When one considers how easy it is to debunk the claim that Plan B aborts a pregnancy, or spends even a short time considering the untenable nature of "morally selective" prescription fulfillment, it becomes increasingly obvious that the argument about Plan B is - if we're honest - clearly not about abortion at all. Since the morning after pill prevents unwanted fertilization, and anyone who wants to stop the abortion of unwanted children - or claims to - should fully support safe, effective means for avoiding unwelcome pregnancies, the Plan B controversy must be about something else. Likewise, any assertion within this discussion that life begins at fertilization can be disregarded because it is completely irrelevant. With Plan B, fertilization doesn't take place, and without fertilization, there is no baby, branding false the claim that this argument is about the life of a child.

In fact, opposition to Plan B makes it completely clear that standing against emergency contraception isn't about the sanctity of life in any way, shape or form - it is about regulating female physiology, and more importantly, sex. That's something to keep in mind if your contraceptive method of choice is something other than abstinence.

November 6, 2007

Lost and Stumbling

Senator Russ Feingold, bookended by whores.
Michael Mukasey's nomination for U.S. Attorney General was approved by the Senate Judiciary Committe today on a vote of 11 to 8, and passed to the full chamber for approval that is expected to come late this week. Because of Judge Mukasey's refusal to define waterboarding as torture (see Americans Torture) Committee members like Ted Kennedy, Russ Feingold and Chairman Patrick Leahy took strong positions against his nomination, but were ultimately sabotaged by fellow Democrats Chuck Schumer and Diane Feinstein. The stated reasons for this betrayal were that the nominee was the best they were likely to get from President Bush, and that he had ensured them he would enforce any laws passed by Congress that specifically outlaw waterboarding.

Unfortunately, the real reason that Judge Mukasey's nomination succeeded in getting out of commitee was that Mr. Schumer, as the sponsor for the nomination, faced significant embarrassment if the candidate he had suggested was rejected by his own party. Further, assurances that new laws against waterboarding would be enforced are meaningless, since any such legislation would face death on the president's desk unless it passed Congress with a veto-proof majority, which will not happen under current apportionment. Worst of all, waterboarding is already illegal - as detailed in a recent letter (*.pdf) from four retired Navy Judge Advocates General (JAG) - and the acceptance of Judge Mukasey's assurances amounts to tacit approval from Congress for President Bush's refusal to abide by current law.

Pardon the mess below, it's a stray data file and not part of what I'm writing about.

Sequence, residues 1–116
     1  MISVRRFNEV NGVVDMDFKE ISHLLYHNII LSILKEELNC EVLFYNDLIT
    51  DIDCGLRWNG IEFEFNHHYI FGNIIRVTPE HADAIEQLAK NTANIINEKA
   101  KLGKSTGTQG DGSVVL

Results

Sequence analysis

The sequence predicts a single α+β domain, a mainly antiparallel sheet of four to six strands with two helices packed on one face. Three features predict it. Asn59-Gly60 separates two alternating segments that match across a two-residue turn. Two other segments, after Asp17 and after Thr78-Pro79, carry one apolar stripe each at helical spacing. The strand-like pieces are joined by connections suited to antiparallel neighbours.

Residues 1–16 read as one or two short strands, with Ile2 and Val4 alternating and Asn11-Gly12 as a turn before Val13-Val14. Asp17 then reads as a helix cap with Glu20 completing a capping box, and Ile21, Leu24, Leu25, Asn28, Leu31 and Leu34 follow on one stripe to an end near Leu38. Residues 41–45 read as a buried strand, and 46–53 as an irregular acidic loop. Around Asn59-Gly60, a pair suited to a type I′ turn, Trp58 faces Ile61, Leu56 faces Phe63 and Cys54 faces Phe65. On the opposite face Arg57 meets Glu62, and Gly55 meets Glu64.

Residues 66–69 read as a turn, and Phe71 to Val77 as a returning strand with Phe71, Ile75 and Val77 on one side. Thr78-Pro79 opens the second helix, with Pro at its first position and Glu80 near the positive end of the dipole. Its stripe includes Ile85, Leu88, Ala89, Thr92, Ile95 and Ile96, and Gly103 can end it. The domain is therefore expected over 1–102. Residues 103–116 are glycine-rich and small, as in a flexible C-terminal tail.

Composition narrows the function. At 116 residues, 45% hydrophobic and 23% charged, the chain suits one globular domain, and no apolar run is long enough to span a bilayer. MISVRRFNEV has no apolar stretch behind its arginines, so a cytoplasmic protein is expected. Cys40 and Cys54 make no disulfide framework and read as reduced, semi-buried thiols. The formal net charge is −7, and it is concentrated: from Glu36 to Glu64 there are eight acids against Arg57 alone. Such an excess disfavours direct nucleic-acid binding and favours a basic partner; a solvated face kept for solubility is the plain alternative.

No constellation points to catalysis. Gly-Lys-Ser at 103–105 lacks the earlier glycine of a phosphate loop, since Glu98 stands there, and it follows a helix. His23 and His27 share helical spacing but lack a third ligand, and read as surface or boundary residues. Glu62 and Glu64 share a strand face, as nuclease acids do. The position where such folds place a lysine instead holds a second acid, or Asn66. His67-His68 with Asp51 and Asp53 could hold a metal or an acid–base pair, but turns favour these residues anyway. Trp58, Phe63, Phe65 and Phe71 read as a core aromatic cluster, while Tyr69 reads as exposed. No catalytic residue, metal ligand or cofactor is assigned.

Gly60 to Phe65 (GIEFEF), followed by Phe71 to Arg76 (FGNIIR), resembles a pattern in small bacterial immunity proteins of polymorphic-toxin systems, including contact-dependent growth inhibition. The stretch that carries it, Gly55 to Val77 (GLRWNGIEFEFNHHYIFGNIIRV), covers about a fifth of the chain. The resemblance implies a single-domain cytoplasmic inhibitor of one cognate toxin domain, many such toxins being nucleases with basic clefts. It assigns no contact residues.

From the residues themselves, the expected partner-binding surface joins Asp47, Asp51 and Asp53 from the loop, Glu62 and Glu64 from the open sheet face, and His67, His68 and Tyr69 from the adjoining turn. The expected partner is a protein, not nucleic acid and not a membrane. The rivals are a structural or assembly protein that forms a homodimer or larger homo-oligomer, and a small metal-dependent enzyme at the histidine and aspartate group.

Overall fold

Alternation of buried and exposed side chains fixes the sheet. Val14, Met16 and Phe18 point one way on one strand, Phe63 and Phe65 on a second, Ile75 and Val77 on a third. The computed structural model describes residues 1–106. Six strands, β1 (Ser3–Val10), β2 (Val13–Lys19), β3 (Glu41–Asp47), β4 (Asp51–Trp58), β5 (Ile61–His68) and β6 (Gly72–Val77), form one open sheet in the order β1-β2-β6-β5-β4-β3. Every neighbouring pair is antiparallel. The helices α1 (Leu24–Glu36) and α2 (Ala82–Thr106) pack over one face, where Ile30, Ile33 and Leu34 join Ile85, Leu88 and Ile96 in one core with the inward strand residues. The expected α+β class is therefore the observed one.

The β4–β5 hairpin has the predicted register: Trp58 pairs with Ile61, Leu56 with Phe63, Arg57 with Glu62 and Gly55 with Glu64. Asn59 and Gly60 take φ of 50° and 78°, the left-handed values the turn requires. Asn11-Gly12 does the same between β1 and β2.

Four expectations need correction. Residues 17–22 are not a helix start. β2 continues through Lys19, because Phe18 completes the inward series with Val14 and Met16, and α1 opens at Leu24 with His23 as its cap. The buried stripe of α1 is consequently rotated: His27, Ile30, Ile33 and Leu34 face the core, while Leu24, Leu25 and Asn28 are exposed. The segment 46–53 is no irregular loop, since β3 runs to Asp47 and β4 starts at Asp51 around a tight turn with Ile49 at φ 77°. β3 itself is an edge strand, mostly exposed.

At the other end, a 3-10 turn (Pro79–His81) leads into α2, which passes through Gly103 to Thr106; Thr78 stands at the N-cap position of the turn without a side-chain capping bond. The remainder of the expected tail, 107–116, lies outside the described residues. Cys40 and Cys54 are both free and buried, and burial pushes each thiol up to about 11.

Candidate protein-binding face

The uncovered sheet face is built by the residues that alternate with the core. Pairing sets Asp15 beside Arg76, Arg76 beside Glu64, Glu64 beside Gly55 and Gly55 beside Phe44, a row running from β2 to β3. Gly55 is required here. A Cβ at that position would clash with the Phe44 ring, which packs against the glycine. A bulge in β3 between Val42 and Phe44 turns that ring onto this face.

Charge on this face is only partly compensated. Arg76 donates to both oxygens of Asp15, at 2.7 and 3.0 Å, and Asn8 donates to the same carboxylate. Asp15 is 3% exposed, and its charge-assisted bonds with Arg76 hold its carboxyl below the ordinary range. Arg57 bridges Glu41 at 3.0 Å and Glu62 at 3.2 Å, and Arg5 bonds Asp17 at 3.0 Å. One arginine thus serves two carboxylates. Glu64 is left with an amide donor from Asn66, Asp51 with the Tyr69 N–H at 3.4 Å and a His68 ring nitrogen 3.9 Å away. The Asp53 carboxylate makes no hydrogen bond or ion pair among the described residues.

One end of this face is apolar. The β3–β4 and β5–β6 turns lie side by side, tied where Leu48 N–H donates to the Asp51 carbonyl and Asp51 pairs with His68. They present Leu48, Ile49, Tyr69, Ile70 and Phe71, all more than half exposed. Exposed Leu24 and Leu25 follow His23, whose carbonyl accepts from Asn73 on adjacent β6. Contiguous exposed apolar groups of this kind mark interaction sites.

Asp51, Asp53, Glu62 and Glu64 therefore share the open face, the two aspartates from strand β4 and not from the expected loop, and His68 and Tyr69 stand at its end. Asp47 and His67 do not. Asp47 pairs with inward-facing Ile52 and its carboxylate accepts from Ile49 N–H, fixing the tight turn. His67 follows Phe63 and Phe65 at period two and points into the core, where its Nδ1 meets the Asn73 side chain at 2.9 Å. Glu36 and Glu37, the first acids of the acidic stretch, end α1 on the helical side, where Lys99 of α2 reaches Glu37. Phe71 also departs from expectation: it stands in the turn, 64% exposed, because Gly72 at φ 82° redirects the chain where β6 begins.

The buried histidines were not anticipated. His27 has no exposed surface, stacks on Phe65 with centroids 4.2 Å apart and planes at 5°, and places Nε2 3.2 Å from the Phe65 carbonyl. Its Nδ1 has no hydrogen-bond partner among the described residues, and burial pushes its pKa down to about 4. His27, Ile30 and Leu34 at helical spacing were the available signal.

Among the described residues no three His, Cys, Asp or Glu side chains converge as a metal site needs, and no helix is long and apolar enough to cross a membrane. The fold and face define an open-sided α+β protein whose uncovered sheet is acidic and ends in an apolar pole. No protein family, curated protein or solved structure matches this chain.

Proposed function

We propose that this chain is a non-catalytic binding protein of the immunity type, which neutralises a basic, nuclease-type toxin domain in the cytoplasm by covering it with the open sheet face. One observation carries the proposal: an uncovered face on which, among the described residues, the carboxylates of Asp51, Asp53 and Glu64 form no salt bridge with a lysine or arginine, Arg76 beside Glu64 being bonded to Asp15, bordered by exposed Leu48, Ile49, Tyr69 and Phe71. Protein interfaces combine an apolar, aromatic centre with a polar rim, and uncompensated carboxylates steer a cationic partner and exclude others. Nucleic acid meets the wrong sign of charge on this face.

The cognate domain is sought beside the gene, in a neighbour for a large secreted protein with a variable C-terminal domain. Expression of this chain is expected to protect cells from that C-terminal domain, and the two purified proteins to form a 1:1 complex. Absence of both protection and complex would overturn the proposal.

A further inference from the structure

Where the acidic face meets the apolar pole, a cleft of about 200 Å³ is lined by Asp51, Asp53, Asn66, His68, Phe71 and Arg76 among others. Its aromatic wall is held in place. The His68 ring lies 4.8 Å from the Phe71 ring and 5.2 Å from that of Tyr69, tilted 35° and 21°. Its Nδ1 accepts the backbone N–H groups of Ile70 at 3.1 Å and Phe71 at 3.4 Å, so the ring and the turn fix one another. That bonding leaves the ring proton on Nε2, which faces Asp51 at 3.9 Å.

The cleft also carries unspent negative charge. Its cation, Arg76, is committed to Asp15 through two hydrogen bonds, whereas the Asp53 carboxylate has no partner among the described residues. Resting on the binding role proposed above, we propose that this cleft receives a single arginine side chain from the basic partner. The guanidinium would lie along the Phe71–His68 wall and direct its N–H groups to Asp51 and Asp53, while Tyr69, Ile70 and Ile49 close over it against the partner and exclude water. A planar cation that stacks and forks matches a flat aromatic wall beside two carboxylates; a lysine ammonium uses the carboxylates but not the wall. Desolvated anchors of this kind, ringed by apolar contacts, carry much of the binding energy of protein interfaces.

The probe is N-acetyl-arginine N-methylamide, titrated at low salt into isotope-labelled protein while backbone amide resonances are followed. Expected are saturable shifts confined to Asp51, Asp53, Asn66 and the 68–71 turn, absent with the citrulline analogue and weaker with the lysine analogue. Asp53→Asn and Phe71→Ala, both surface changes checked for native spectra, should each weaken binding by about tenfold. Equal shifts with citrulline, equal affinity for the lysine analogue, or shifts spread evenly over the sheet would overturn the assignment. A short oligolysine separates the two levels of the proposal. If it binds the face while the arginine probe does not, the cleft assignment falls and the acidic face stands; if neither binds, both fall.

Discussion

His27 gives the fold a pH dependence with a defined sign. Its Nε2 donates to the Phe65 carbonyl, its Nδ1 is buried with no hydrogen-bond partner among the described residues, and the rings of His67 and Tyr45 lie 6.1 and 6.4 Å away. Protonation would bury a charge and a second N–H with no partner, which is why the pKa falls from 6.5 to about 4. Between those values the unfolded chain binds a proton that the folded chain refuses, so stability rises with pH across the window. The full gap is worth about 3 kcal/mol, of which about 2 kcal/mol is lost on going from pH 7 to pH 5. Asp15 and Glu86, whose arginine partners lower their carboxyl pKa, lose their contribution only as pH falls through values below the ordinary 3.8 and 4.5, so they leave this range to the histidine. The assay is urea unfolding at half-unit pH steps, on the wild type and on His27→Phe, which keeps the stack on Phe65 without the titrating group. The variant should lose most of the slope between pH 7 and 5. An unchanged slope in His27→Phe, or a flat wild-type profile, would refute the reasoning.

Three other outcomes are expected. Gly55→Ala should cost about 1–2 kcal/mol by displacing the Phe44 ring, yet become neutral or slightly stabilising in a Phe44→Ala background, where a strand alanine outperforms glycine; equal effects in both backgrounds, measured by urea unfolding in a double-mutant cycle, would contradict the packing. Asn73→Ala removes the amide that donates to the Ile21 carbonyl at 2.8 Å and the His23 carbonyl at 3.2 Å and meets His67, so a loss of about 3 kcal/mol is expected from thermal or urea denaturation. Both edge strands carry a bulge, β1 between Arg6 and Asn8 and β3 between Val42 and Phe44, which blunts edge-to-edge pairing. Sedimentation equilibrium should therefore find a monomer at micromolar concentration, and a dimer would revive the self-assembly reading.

From the JAG letter, which could hardly be more clear:
In the course of the Senate Judiciary Committee’s consideration of President Bush’s nominee for the post of Attorney General, there has been much discussion, but little clarity, about the legality of “waterboarding” under United States and international law. We write Because this issue above all demands clarity: Waterboarding is inhumane, it is torture, and it is illegal.
The Rule of Law is fundamental to our existence as a civilized nation. The Rule of Law is not a goal which we merely aspire to achieve; it is the floor below which we must not sink. For the Rule of Law to function effectively, however, it must provide actual rules yhat can be followed. In this instance, the relevant rule - the law - as long been clear: Waterboarding detainees amounts to illegal torture in all circumstances. To suggest otherwise - or even to give credence to such a suggestion - represents both an affront to the law and to the core values of our nation.
Likewise, as recently as 2004, senior Department of Justice official Daniel Levin was so disturbed by what he had learned about waterboarding that he subjected himself to it in order to understand its effects. His personal experiment confirmed his belief that waterboarding is torture, but before he could follow up on a memo (*.pdf) he had written previously that aimed to curtail Bush Administration abuses, he was forced out by incoming Attorney General Alberto Gonzales.

So here's where we are today: We have officially joined the ranks of countries that countenance torture. Not only do we think torturing people is the right thing to do, we actually follow up on that belief, despite the fact that we have prosecuted as war criminals men from other nations caught doing the same. Finally, if anyone speaks up about the fact that we are torturing people against international, domestic, and basic human law, they are removed from public view as quickly as possible, or tossed under the wheels of a political machine that values personal image over substantive support for the Constitution.